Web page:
Summary and Keywords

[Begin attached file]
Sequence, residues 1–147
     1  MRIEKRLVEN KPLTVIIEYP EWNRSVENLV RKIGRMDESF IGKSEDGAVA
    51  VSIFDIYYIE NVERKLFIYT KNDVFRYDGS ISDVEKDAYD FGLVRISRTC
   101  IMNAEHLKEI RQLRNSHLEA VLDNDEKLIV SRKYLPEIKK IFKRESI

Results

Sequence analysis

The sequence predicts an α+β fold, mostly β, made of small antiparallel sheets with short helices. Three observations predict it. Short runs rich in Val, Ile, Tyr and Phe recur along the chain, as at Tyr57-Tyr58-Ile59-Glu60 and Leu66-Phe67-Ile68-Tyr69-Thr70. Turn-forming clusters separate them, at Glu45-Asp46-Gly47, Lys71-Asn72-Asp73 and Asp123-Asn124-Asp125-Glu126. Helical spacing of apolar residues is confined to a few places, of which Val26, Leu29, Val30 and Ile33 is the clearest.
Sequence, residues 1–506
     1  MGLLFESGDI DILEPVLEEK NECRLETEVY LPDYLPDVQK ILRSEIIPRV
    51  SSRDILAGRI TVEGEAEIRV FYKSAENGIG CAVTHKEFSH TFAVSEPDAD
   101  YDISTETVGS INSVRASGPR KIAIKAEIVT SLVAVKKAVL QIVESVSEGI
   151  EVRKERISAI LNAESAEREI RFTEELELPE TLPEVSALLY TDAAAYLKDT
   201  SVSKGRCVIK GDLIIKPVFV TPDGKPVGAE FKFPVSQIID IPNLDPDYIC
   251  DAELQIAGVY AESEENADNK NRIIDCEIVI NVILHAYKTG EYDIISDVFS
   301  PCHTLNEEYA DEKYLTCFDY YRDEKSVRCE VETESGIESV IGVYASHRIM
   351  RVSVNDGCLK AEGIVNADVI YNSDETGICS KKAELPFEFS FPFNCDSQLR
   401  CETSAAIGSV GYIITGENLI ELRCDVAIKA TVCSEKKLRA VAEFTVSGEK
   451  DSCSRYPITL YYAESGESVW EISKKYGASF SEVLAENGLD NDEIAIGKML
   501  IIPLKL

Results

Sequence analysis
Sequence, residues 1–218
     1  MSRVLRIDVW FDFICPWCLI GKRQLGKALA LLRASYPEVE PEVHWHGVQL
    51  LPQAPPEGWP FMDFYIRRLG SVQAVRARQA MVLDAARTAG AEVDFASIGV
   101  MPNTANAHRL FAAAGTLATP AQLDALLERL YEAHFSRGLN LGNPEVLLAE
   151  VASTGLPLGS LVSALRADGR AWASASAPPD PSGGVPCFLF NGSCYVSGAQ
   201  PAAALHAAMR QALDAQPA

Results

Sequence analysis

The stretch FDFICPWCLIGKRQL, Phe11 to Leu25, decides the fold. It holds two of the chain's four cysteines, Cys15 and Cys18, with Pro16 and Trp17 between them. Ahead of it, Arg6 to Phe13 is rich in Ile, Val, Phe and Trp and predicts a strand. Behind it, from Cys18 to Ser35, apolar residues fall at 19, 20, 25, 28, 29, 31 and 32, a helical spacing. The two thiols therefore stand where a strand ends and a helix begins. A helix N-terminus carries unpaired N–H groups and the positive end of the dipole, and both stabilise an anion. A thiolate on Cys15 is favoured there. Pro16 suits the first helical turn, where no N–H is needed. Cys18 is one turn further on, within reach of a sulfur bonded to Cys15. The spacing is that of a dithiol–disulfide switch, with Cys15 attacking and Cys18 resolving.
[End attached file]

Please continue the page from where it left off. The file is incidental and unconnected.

Hemispheric approaches to Asian American literature disrupt, supplement, and interrogate the cultural nationalist focus of early Asian American studies, transpacific and transnational approaches to Asian American studies that came to prominence in the 1990s, and the overall dominance of the United States in Asian American studies. These approaches have largely been championed by scholars working in Canada or on Canadian material, by feminist and queer scholars, and by those working on interethnic or interracial approaches between “Asian American” and black/African American, Latinx, and/or Native/Indigenous communities. The term “hemispheric” was preceded by Asian North American, which has been employed from fairly early in the maturing of Asian American literary and cultural criticism. Key also is the scholarly history of hemispheric approaches to Asian North American literature and culture (and to a lesser extent Asian Caribbean and Latin American literature and culture), the cross-border relations between artists and activists of Asian descent in North America, and the U.S. cultural imperialism inherent in this approach as well as its potential to diversify and open up the field of Asian American literary and cultural studies. The hemispheric approach also uncovers some of the limitations of the “transnational” and “diaspora” approaches that currently dominate Asian American studies and emphasize an east-west, transpacific spatiality.
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